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Why Our Concept of Teams Needs to Change

By Melissa J. Anderson

When we think about teams, we usually imagine a group of people who come together to work on a project or solve a problem. But according to new INSEAD research [PDF], the reality today is different.

While teams in the past were static, mostly homogeneous groups of people with defined roles working toward a set solution, INSEAD’s Mark Mortensen writes that today teams are much more fluid. In his paper, “The Team Unbound: The Theoretical, Methodological, and Managerial Implications of Fluid and Multiplex Boundaries in Teams,” he explains:

In reality, however, team boundaries are often fluid – with members changing in response to shifts in their environment – as well as multiplex – with multiple salient but nonaligned sets of members spread across different contexts. While addressing the practical needs of organizations in today’s’ post-bureaucratic global economy, boundary fluidity and multiplexity do not match the approach to boundedness found in much scholarly and lay-thinking about teams.

When organizational development practitioners apply the old definition of teams to the new reality, they may inadvertently ignore new challenges that have come to light in the workplace over the past few decades. Mortensen suggests that by framing teams as task-oriented rather than people-oriented, companies can better organize and motivate staff to achieve their full potential.

Changing Teams

Mortensen says one reason teams are becoming more fluid is because of the uncertain business environment. People move in and out of teams because the needs and expectations are constantly changing. What’s more, people tend to be part of more than one team. This is known as boundary fluidity and encompasses both how many people move in and out of teams and how often this movement takes place. He points out to recent studies showing that 69% and 84% of teams had changed their membership over the course of the life of the team.

The second aspect influencing the need to change the way we think about teams is called team multiplexity, he continues. That has to do with the kind of boundaries that are within a team: “how many different boundaries a team has (e.g. two different boundaries versus seven) and how different the team’s boundaries are (e.g. disagreeing on only one team member versus disagreeing on half the team).”

As diversity in the workplace increasing, so does multiplexity. “These include factors like socio-demographic traits (e.g. culture or language), functional characteristics, (e.g. training or experience), and contextual and organizational factors (e.g. physical location or time zone and organizational, divisional, or team membership),” Mortensen explains. When everyone is working in the same location toward a single goal, and when there are few differences between group members these “boundaries” serve to create more cohesion. But that is not the reality today.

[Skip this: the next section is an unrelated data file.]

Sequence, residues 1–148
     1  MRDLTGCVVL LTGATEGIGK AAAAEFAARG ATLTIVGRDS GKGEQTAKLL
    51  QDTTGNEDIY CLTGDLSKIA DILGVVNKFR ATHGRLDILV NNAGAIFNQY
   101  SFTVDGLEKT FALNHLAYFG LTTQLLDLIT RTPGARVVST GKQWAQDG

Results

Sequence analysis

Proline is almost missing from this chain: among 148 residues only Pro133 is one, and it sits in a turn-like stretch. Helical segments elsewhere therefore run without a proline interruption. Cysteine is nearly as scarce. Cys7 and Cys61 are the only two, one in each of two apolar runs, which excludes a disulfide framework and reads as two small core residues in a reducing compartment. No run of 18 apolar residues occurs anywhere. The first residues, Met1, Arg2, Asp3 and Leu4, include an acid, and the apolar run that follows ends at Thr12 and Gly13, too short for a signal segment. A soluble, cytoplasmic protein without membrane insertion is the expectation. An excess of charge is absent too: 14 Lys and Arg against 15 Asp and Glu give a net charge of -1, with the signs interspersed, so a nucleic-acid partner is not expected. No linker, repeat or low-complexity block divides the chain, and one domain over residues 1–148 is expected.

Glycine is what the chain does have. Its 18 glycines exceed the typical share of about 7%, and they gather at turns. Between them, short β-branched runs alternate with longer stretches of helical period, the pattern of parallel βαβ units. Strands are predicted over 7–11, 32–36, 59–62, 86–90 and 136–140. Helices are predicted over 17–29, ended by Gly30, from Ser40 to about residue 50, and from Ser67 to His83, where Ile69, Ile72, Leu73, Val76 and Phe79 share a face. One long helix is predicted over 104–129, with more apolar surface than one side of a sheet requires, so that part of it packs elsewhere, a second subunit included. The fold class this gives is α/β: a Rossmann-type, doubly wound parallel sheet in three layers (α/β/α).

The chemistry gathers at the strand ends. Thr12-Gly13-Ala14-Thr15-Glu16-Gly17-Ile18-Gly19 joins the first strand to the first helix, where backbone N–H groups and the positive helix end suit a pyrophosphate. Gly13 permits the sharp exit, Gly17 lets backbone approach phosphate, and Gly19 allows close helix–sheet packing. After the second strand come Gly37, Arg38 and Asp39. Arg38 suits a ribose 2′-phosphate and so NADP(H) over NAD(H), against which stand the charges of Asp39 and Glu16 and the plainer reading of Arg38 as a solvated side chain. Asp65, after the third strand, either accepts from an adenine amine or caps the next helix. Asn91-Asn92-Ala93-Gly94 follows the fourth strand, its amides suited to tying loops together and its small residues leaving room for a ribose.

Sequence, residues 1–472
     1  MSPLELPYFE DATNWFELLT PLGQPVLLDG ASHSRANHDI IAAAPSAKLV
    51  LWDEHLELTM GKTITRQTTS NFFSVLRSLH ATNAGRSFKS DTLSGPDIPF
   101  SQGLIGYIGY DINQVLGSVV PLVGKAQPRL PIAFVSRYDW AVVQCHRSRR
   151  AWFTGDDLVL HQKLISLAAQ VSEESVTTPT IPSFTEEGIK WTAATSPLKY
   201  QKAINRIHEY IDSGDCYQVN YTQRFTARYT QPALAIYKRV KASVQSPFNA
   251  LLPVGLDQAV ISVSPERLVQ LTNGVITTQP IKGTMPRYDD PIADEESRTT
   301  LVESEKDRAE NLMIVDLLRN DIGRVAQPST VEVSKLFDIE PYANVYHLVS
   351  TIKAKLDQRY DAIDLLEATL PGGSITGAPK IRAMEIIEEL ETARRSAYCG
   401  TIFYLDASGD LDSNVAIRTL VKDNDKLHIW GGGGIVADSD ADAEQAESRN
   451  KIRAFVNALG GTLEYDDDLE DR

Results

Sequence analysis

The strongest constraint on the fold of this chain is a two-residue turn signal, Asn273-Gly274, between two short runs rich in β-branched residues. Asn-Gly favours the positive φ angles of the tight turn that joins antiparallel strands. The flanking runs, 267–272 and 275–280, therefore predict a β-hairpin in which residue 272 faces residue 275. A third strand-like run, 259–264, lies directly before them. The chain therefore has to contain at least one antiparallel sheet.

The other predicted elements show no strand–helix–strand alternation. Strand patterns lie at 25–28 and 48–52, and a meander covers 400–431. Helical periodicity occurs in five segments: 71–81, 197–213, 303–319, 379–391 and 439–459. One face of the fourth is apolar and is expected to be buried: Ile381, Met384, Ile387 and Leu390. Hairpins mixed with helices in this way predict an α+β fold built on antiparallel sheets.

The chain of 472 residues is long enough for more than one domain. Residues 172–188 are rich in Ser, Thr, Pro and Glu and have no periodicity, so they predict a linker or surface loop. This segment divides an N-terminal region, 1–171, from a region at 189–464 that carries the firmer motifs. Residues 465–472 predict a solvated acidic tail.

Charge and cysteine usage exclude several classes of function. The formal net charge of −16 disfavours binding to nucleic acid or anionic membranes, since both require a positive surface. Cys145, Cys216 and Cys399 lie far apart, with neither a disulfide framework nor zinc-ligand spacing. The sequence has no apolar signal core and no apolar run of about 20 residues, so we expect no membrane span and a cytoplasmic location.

“Frequently, however, these boundaries are only partially overlapping and therefore non-aligned, for example, geographically dispersed teams with members working in different physical locations, cross-organizational teams composed of employees from multiple organizations, or teams whose members are concurrently members of multiple – and different – other teams. In such situations, team members must manage and make sense of multiple, and at times competing, boundaries.”

What’s more, most people work with others in different locations – or even on different continents. The paper cites a recent study showing that 80 percent of employees collaborated with people dispersed geographically, dealing with differences like language, culture, and time zone. Another study showed that 60 percent of Intel employees were on more than one team at once.

Finally, the paper also discusses team dynamism, which, he believes is increasing as project-based work is becoming more the norm. “Particularly in project-based work, teams are frequently created and used in a transient fashion – they are formed, accomplish their task and are disbanded in a short period of time,” Mortensen writes.

Challenges and Solutions

Thinking about teams as they once were – static and bounded – as opposed to what they are now – dynamic and fluid – can cause companies to lose out. For example, specialization is likely within teams, but when boundaries are constantly shifting, it’s easy to lose a specialist, and thus all of the knowledge that specialist has built up.

By reframing the way we think about teams (focusing on the “what” rather than the “who” Mortonsen suggests, companies can build solutions to these issues – like making building an online knowledge repository for a particular project, so when someone leaves a team, the next person doesn’t have to start from scratch.

Additionally, remembering today’s changing multiplexity of teams can help companies focus on diversity and inclusion. By developing some of the challenges teams may face around multiplexity and cohesion, companies can work to bring out the best in their workers.

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